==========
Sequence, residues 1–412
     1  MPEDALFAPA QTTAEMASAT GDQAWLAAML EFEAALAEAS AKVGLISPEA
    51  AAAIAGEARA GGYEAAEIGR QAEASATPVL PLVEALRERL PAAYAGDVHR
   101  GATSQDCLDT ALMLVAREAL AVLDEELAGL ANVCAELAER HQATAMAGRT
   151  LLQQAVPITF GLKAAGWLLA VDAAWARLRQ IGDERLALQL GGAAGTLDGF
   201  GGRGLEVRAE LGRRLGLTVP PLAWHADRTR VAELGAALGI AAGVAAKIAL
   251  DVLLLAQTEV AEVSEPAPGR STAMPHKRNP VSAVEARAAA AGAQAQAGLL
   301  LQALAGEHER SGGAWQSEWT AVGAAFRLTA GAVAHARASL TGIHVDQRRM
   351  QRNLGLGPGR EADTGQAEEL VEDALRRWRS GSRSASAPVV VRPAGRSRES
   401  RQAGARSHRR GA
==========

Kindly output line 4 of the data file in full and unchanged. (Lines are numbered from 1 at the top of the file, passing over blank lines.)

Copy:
   101  GATSQDCLDT ALMLVAREAL AVLDEELAGL ANVCAELAER HQATAMAGRT